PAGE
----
Wednesday, September 12, 2012

FDA Warns L'Oreal To Stop Exaggerating Youthful Benefits

We don't believe that only L'Oreal should be scolded for its overly-exaggerated claims about its skin care products that turn back time. But--the largest cosmetics company is being warned to STOP advertising its anti-aging items with words that sound like the creams and serums are as powerful as drugs.

And Lancome appears to be hit the hardest with its skin care claims of "boost(ing) the activity of genes" or "stimulate(ing) cell regeneration". Yeah, right.

Well, we see those exaggerated fountain of youth promises from just about EVERY skin care and cosmetics companies around---from Avon to Olay, to Perricone, and so on.

It's difficult to figure out how much is TRUE, and how much is not about a skin care or cosmetic product that promises all these wonderful benefits.

L'Oreal responded in this way:

"We are aware of FDA's letter to Lancome and will respond to their regulatory concerns in a timely manner," a L'oreal spokeswoman said.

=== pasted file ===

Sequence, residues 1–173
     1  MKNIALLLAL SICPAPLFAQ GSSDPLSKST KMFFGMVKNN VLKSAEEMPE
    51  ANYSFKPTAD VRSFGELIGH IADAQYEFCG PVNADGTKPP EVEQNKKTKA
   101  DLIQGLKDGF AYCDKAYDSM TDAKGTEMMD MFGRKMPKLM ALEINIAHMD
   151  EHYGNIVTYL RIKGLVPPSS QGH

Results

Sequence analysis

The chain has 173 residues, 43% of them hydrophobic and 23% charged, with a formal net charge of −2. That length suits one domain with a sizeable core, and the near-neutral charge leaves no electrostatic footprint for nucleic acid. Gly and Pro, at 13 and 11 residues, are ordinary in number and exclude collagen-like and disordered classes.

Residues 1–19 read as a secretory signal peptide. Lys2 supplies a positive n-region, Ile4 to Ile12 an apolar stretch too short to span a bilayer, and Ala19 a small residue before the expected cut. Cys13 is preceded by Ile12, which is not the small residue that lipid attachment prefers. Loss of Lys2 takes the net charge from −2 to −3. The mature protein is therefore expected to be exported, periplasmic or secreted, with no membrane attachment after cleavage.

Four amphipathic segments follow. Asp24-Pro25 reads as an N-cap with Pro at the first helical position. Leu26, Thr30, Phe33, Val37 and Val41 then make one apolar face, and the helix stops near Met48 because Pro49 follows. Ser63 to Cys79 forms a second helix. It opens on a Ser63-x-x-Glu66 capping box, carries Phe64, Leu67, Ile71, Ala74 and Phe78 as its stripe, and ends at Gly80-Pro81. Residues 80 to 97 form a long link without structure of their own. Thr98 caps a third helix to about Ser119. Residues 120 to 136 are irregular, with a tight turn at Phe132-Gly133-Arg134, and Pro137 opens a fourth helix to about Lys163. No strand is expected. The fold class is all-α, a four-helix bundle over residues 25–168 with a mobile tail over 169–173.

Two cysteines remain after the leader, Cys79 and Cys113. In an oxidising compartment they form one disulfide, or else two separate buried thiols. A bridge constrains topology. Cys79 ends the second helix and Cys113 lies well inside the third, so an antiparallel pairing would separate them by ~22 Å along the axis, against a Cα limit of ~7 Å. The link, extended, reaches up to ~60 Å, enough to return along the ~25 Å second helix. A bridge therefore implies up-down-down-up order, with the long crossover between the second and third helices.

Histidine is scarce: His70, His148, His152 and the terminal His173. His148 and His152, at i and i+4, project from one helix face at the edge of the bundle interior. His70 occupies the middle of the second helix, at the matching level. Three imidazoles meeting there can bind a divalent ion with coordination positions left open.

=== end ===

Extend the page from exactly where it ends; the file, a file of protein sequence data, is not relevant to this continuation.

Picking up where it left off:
We do believe that many incredibly good things can help one's skin, and the advances in beauty science have come a long way. But to completely ERASE wrinkles, scars and permanently lift skin is a big stretch.

Even prescription Retin-A and Renova cannot do all those things, but these skin care drugs at least, minimize the fine lines and DO stimulate collagen production and increase cell turnover. But it's a slow process and you have to use a prescription skin care product forever to maintain results.

So, no easy path to the fountain of youth. And skin care companies that offer over-the-counter products with huge promises should all be taken to task, and scolded for photoshopping and using the complexions of very young models as proof of a product's efficacy.

By the way...Here are a couple of products mentioned in the warning letter, dated September 7:
Genifique Repair Youth Activating Night Cream
Absolue Eye Precious Cells Advanced Regenerating and Reconstructing Eye Cream.

On its website, Lancome describes Genifique Repair cream as "our first night care that boosts the activity of genes." The magical cream costs $98 for a 1.7-ounce.

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